Hence, you should seek this business option only when you think and firmly believe that it is your area of expertise. This will help you in creating better perspective and clear the expectation zone! It is important to be interested and really like the construction work in order to reap better rewards!

Once, you have set your mind in your business endeavours you need to take the first step of launching the construction business. You can also affirm your intensions and visions by joining the trade union. This step can facilitate your functioning as a proficient business venture. Moreover, the formalities, legal procedures, financial liabilities can be sorted by seeking the right guidance and information.

Most importantly, the construction arena is sure to make you more aware and concerned about the safety needs of your workers and employees. Hence, you will be giving lot of importance to safety meetings. These meeting can be taken as the right opportunity to seek awareness about the location and enforcing required rules and regulations. This is why you should never avoid or delay the safety meetings and its significance in your business. The insightful observation when blended with experience can help you get prepared for emergencies also. This also pave the way for better adjustments when require.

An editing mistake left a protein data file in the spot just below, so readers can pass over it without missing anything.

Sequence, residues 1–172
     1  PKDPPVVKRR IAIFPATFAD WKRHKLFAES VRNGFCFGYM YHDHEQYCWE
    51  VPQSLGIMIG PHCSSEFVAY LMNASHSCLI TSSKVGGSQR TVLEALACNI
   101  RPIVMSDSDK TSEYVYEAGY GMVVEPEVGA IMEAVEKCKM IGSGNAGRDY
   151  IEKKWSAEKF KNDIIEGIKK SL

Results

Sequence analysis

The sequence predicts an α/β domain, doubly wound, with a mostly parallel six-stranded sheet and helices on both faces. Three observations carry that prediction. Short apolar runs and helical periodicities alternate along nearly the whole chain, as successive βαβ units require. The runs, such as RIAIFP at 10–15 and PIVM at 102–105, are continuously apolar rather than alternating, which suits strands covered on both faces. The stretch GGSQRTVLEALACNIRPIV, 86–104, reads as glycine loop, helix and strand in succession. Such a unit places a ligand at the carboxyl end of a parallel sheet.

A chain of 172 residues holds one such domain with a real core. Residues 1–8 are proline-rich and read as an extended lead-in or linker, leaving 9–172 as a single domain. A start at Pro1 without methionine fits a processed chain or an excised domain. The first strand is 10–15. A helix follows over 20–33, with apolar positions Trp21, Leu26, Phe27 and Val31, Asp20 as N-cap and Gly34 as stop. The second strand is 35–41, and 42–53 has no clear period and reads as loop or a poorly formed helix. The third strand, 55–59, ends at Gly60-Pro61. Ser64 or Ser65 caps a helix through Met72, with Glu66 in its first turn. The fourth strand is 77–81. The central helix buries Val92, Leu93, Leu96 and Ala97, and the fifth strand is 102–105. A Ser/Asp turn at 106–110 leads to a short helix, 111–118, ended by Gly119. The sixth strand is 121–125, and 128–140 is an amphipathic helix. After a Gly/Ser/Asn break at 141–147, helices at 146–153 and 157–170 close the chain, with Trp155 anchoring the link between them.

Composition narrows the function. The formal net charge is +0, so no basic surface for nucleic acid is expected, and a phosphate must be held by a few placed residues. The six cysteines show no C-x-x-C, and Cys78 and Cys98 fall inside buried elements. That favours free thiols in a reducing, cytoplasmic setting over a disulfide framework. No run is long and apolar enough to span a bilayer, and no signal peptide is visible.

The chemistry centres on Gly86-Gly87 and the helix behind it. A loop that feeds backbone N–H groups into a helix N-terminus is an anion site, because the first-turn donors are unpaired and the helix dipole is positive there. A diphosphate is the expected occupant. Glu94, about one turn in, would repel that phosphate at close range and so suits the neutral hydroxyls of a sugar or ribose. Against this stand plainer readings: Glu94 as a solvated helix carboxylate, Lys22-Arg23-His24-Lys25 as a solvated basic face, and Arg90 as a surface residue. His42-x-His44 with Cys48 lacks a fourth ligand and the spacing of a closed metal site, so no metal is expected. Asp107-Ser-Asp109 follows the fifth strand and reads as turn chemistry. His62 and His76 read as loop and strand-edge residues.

It is clear that this business can be crude and demanding in many respects, yet it also creates a very profitable and satisfying venture. In order to get the maximum of your business set up you need to have proper vision and clear expectations. Your attitude and working style is going to determine your success and the heights of your profits. Therefore, it is time that you open yourself to the creative and profitable ideas to ensure that your construction business is a roaring success from now on!